Interview with Cillian Murphy: ‘I just really like the Irish’ – Murphy on the move and the importance of raising ’empathetic boys’

Actor Cillian Murphy said returning to Ireland with his wife and children was the “best decision” the family ever made.

The Peaky Blinders star, 46, and his wife Yvonne moved to Dublin with their family from London in 2017 after more than 14 years in the UK.

“I’ve always been very proud that I’m Irish and my wife is Irish and the kids were a certain age (and) we wanted them to be close to their (grand)parents. It’s just that there are fewer people here, that was a consideration,” he laughed.

“It was the best decision we made to come back, 100 percent. It really was. I think that’s a tale of the Irish going away and coming back, you know? Seems to be so. I’d rather be in Ireland.

“It certainly seems in my game that people go away for long periods of time to kind of establish themselves or whatever it may be, to prove that you can play other roles than an Irish person, and to go after to come home.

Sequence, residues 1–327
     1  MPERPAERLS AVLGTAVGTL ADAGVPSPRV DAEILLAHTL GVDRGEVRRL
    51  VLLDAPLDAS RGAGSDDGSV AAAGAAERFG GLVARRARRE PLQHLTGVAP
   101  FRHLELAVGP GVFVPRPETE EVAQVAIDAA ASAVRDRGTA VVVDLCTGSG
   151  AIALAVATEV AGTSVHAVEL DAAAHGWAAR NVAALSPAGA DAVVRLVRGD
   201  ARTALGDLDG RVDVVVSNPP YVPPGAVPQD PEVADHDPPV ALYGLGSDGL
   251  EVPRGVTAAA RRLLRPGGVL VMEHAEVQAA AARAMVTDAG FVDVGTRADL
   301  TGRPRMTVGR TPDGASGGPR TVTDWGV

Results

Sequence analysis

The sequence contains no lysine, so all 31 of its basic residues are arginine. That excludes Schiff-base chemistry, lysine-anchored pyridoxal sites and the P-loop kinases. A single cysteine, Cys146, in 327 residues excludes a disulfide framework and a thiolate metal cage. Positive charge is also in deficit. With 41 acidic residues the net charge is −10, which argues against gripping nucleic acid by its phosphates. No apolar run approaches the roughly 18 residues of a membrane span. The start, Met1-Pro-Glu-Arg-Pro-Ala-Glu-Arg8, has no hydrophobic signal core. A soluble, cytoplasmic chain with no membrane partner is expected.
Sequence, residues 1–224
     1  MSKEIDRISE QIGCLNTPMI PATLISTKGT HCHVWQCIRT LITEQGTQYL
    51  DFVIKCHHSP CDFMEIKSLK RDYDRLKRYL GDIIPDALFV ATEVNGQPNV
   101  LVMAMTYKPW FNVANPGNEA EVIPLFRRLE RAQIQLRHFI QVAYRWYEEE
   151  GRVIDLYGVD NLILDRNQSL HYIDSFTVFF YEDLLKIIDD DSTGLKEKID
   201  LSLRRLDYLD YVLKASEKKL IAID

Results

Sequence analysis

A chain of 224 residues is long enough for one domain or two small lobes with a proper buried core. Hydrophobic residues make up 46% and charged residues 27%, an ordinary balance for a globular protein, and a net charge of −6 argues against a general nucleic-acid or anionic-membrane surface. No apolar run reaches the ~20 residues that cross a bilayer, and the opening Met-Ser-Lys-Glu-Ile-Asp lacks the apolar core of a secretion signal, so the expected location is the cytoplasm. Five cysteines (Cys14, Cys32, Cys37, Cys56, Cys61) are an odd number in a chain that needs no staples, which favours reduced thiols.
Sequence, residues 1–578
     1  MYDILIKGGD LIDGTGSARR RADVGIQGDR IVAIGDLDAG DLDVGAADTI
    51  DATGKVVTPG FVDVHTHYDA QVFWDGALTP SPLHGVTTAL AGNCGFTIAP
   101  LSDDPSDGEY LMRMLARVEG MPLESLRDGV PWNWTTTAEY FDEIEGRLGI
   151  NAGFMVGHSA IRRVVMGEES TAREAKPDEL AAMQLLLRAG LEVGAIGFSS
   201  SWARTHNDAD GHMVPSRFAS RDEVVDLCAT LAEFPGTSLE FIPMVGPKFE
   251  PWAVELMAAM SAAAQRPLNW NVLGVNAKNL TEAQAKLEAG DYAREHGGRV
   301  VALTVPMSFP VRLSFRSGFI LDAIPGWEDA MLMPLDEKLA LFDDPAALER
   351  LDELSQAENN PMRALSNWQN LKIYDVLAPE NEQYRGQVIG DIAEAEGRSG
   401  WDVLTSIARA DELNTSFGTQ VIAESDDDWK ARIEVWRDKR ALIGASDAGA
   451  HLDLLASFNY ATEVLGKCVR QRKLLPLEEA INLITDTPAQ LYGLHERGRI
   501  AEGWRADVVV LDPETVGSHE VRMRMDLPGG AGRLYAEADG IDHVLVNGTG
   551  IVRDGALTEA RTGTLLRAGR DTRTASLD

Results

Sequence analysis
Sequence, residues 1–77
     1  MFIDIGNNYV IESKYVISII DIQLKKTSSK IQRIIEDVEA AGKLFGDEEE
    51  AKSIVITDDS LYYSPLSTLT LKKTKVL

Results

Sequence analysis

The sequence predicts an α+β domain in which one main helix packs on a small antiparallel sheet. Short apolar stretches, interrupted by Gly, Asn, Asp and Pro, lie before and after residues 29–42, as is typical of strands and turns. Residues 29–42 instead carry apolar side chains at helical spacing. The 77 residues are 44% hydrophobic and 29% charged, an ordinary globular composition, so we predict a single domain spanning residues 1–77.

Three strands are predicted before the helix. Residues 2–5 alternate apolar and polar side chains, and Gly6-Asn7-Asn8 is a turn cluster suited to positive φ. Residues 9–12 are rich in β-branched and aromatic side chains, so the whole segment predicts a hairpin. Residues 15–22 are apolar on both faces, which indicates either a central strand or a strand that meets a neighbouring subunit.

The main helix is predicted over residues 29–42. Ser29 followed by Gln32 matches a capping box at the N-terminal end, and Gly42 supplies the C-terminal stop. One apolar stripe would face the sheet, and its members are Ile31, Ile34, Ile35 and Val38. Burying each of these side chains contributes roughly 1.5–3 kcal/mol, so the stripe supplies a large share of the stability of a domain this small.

“I just really like the Irish.”

The Cork native spoke alongside Professor Pat Dolan to discuss the new book they have published, Ionbhá: The Empathy Book for Ireland.

The book was published by Mercier Press and all proceeds “go directly to the delivery of the Activating Social Empathy educational program in Irish schools and youth work organisations”.

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The couple are working on an awareness campaign on emotional awareness and what empathy means to the people of Ireland.

Murphy said it’s something that can be taught in secondary schools and that 100 schools have embraced the program so far.

“The plan is to get it in every secondary school in Ireland, in my own life I’ve thought about how relevant it is to me and I think it’s relevant to me in my job,” he told Brendan O’Connor on RTE.

“I think it’s probably at the heart of an actor’s craft, if I may use that word, it’s important to have empathy and understand another character.

“The other factor was being a father of two boys and I think it’s very important for us to raise boys that we have empathy for them and try to raise empathetic boys.”

Prof Dolan said research shows young people get better grades when they learn empathy classes in school.

“Empathy is a practice but it’s the secret ingredient because it’s the difference in youth, like being less narcissistic, less homophobic bullying or whatever it is, it’s the only common thread,” he said.

“The teenage brain is still growing, and one of the good things that’s growing is the ability in your brain to develop empathy.” Interview with Cillian Murphy: ‘I just really like the Irish’ – Murphy on the move and the importance of raising ’empathetic boys’

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